Tom Bradley documentary helps bridge the racial divide

Tom Bradley documentary helps bridge the racial divide

Los Angeles's first black mayor, Tom Bradley, is the subject of a documentary that lays out the full extent of his extraordinary achievement.

LOS ANGELES, Aug. 10, 2015 — “Bridging the Divide: Tom Bradley and the Politics of Race” is a critical documentary produced and directed by the OUR L.A. team of Alison Sotomayor and Lyn Goldfarb. OUR L.A. is a nonprofit corporation created to increase public awareness of people and stories of Los Angeles—both historic and present-day—through audio-visual and new media projects, and through education, preservation and outreach.

The two women tell the little-known story of Los Angeles Mayor Thomas J. “Tom” Bradley, the first African-American to helm a major city with a majority white population. Bradley held the office over 20 years—five consecutive terms. This is one of the most overlooked stories in American politics; many today know Tom Bradley only because the Los Angeles International Airport terminal bears his name.

It is a shocking reflection of our times that Bradley’s rise and rule has even become an afterthought within Los Angeles politics and history. Bradley’s 1973 win was unprecedented for any time.

Thirty-five years ago, the question of race and the possibility of bridging racial and ethnic barriers was truly tested, and Bradley succeeded, long before the election of America’s first black president. Bradley did something extraordinary: He formed a multi-racial coalition to win, and once he won, he redefined Los Angeles and led the way to the transformation of the national dialogue on race.

Producer and researcher Alison Sotomayor and director Lyn Goldfarb met while working on a documentary called “The New Los Angeles.” “The New Los Angeles” covers the period of Bradley’s election as mayor in 1973, and both women were struck by the fact that no one had ever documented Bradley’s historic entry and advancement into the political realm.

“Tom Bradley’s legacy was being forgotten, and it was being distorted,” says Sotomayor. “So we came together and said it’s a story that needs to be done. And also not just for the masses, but it’s very important for Lyn and I to be able to push this film to the next generation of young people.”

The film opens with an overview of the Aug. 11, 1965 Watts Riots, which, despite the large strides in civil rights for blacks, reflected the chasm that still existed over treatment of blacks in America. With yesterday’s anniversary of the Michael Brown shooting, fresh unrest has overtaken Ferguson. The #BlackLivesMatter crowds continue to provoke anarchy without any real leadership or desire for resolve. Tom Bradley’s legacy is a necessary and pivotal subject for our young people to study so that they can emulate his vision and tactics.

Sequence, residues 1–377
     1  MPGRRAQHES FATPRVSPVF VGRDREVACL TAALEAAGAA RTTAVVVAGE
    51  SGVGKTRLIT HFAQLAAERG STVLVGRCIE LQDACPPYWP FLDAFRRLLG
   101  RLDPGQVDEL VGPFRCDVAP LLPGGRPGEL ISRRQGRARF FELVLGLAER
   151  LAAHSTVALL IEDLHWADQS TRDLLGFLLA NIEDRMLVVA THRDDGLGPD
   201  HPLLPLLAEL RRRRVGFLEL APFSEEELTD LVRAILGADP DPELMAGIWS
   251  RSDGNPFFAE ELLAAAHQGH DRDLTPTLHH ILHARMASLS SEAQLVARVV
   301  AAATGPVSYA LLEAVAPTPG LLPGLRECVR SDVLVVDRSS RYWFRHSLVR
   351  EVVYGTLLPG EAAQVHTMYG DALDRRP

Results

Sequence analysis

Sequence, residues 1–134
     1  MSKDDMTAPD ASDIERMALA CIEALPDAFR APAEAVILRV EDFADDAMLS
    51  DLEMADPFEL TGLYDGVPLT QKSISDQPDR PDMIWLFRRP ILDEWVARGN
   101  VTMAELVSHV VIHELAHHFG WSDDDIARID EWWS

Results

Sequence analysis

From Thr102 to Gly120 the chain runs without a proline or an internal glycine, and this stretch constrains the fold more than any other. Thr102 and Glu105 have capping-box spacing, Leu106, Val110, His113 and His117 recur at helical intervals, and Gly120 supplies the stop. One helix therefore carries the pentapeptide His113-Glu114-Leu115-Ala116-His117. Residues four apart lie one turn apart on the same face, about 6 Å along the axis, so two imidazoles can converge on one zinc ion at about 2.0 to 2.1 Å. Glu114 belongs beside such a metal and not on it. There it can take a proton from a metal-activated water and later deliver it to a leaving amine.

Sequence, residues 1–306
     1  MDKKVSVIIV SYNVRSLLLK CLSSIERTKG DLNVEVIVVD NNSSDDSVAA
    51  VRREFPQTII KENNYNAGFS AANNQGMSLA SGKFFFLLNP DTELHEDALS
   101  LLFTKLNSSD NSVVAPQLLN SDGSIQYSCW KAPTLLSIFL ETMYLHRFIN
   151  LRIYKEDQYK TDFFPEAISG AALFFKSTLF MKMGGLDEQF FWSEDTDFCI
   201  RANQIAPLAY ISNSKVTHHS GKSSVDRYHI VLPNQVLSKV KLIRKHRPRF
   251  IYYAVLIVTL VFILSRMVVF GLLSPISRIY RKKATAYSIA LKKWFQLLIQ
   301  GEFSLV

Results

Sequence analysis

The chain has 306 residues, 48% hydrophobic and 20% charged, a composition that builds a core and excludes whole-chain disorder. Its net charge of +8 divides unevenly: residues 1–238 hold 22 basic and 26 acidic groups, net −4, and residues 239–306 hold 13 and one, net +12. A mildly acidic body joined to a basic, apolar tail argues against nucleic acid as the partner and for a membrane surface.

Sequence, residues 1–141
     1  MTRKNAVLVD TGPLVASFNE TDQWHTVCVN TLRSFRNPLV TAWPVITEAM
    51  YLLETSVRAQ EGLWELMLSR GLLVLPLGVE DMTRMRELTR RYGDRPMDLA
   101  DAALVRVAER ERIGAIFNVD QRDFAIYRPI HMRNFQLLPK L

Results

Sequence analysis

The grandson of slaves and the son of Texas sharecroppers, Tom Bradley was 7 years old when his family left the South for a better life in California. The Bradley family settled in South Central Los Angeles, and he became an accomplished athlete who won a track scholarship to UCLA.

As one of 55 African-American students in a student body of 7,000, Bradley began to develop his leadership skills when he mediated between black students and the administration on racial issues.

Bradley paused his studies in 1940 to join the Los Angeles Police Department (LAPD), where he maintained an unblemished and accomplished record. In Mayor Sam Yorty’s Los Angeles, there were few black police officers in the LAPD. The ones that did serve were restricted to the Newton Division in South Central Los Angeles, where most of Los Angeles’ black population resided. Blacks were never paired with white officers, and black citizens were routinely targeted and mistreated by white police.

When Chief Bill Parker took over the force in 1950, he continued the racial division within the department and gave more than passing support to the culture of brutality within the force. Bradley tried to transform the department from the inside, making recommendations on things that needed to be changed regarding LAPD policy toward blacks in general and black officers in particular.

Bradley took the lieutenant’s exam and passed, becoming the first black officer to supervise white policemen. When he sought promotion to captain, that was a bridge too far for Chief Parker.

Did Bradley mount a protest or file a grievance? No. While still on the force, he decided to resume his studies at Southwestern School of Law. He retired from the police force in 1962, and as a lawyer fought the LAPD machine from the outside.

He ran for a spot on the L.A. City Council in 1963, won, and continued to use his legal expertise and his position as city councilman to fight the LAPD’s entrenched racism and brutality.